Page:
The Washington Office is following up last week’s net neutrality blog with an early analysis of the FCC’s draft order, as well as an action alert that ALA members can use to contact Congress. As we write in the blog, we believe FCC Chairman Pai likely has the three votes needed among FCC commissioners to pass the order. Contacting Members of Congress to pressure the Chairman is the most reasonable grassroots strategy as we prepare for the almost certain legal challenges to come.

Please share the blog post and action alert with your colleagues. We will continue our analysis and planning for how to best inform and engage ALA members as this issue continues to play out. The FCC vote is scheduled for December 14, so we are considering options for activities leading up to and during that day. Be assured we are watching this issue closely.

In case it comes up in any of your units, roundtables, or divisions— ALA has two net neutrality resolutions from 2006 and 2014. The first is a resolution affirming network neutrality and the second is a resolution reaffirming support.

  • Resolution endorsed by ALA Council on June 28, 2006. Council Document 20.12 (CD#20.12):

https://alair.ala.org/bitstream/handle/11213/987/06-28-06-CD20.12.pdf?sequence=1&isAllowed=y

Net Neutrality and ALA

The ALA Washington Office has released a resource for librarians concerned about recent actions on net neutrality. You can still take action to protest the move to roll back net neutrality, but there are some deadlines coming up in December. If you are concerned about this issue, take action soon.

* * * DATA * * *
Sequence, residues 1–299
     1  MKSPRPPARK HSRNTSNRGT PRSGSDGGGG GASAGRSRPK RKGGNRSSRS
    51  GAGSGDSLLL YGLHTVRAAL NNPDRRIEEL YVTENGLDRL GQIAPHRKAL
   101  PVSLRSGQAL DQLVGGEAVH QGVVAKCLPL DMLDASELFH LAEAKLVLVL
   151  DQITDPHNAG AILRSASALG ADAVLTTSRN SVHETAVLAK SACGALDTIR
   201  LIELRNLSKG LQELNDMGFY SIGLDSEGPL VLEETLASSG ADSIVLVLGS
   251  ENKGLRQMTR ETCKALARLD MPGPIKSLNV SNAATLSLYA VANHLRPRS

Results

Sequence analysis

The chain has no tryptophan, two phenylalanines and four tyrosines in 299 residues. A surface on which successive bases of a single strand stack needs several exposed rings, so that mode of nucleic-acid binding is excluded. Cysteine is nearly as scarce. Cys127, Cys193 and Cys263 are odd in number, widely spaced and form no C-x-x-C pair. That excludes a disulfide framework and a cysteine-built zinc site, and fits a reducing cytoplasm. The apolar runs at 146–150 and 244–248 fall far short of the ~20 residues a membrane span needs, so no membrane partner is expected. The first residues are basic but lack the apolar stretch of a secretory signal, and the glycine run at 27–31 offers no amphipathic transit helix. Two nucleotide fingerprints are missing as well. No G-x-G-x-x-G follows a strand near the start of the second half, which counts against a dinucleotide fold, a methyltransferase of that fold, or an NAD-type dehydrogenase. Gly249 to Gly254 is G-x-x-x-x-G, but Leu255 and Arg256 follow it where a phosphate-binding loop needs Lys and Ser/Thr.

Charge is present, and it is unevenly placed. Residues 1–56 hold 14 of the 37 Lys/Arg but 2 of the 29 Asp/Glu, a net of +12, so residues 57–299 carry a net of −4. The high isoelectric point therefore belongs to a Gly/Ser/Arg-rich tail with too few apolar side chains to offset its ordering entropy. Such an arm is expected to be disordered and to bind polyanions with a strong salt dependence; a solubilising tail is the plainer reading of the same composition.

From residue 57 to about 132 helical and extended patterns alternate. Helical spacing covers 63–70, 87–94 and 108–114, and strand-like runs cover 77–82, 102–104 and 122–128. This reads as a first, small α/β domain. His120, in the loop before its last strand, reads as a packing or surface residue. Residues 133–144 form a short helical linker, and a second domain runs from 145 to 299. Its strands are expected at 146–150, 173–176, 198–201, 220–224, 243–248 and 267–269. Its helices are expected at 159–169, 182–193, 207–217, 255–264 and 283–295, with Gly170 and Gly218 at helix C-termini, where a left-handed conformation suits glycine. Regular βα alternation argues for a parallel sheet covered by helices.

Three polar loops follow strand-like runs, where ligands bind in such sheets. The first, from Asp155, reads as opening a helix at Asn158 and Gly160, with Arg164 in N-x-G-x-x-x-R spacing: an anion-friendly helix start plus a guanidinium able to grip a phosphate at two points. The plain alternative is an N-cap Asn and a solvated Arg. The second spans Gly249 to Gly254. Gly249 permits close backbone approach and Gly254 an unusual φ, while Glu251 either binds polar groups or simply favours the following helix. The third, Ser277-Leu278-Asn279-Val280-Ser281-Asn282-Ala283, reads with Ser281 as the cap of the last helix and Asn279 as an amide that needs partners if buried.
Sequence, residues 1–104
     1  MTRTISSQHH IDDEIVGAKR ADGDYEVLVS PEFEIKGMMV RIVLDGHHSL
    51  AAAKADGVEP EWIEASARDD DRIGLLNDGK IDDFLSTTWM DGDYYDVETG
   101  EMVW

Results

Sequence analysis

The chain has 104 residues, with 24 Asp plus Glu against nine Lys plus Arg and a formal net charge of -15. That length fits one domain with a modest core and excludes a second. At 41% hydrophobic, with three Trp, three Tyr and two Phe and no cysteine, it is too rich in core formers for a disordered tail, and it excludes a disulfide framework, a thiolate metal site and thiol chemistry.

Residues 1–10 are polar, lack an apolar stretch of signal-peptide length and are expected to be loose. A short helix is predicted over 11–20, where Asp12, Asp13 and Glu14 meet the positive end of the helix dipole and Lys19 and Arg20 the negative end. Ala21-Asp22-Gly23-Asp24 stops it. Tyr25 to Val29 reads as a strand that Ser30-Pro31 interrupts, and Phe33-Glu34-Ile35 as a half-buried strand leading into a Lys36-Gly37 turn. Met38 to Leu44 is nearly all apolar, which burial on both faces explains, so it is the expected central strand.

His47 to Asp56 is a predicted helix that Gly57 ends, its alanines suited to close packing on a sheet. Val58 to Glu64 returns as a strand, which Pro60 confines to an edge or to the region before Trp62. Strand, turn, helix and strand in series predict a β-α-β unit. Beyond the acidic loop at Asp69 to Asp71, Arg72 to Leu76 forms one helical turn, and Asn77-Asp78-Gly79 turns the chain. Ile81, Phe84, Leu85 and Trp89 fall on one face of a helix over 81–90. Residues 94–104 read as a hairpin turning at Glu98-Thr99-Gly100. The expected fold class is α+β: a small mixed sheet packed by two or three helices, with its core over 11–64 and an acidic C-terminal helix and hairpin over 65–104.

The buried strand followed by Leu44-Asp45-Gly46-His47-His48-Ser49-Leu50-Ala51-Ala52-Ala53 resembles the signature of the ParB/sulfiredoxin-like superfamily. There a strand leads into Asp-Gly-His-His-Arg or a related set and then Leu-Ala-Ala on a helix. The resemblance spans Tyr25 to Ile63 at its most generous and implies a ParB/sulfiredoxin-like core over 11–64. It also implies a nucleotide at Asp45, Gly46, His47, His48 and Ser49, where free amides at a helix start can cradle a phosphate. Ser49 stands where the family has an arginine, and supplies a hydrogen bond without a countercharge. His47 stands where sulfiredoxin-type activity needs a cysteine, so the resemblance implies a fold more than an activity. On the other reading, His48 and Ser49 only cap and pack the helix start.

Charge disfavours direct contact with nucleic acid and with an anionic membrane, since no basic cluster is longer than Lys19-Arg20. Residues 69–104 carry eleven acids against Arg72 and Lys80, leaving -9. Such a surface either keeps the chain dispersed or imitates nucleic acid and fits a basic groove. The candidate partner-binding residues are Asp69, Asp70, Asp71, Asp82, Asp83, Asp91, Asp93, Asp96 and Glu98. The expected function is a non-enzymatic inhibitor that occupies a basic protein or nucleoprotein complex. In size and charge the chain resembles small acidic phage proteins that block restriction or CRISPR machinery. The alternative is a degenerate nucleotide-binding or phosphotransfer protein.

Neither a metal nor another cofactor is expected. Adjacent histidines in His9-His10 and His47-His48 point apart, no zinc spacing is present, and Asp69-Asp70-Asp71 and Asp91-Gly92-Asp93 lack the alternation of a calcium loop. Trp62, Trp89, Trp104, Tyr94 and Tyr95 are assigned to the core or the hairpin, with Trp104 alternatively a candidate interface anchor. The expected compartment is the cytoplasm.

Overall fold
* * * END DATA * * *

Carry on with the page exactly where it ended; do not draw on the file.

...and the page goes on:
If you are new to the idea of net neutrality, the most accessible overview is  John Oliver’s slightly NSFW video from Last Week Tonight. It is also decidedly NSFI (not safe for instruction). I’ll find additional resources and post here. Please let me know if you have other resources that are particularly good.

Finally, I am the incoming ALA Councilor for North Carolina. Our orientation isn’t until February, but they have put us on the lists for Council. So, I will post information here and on social media if it seems critical. Let me know if you have questions or concerns so that I can better represent NC at Council!

Slides and video from Tips for Student Success with Data @SAGElibrarynews

I gave a presentation with Diana Aleman from SAGE Stats about helping students discover data. The principles are pretty straightforward, but hopefully you will find some of them helpful.

My slides are available for reuse/remix on figshare.

The recording is also available including Diana’s part (she’s awesome!).

IFLA, Wrocław, and #WLIC2017

I’m having a great conference at IFLA. I’ve met people from all over the world, including Croatia, Australia, Malaysia, Taiwan, South Africa, Nigeria, Germany, Norway, the UK, as well as our large US contingent. I’ve really enjoyed learning about the variety of projects people are working on from library support for refugees to reading habits of Iranian students to a new VR initiative at the Bergen public library. You can see the variety of topics from a selection of posters.

Today I had my first meeting with the Standing Committee for the Social Science Libraries section. The structure of IFLA is a bit convoluted, but I am slowly learning. Basically, my Standing Committee does great projects like tomorrow’s workshop on using ethnography in the library and more. Looking forward to sharing their work when I am officially a member of the committee after this conference.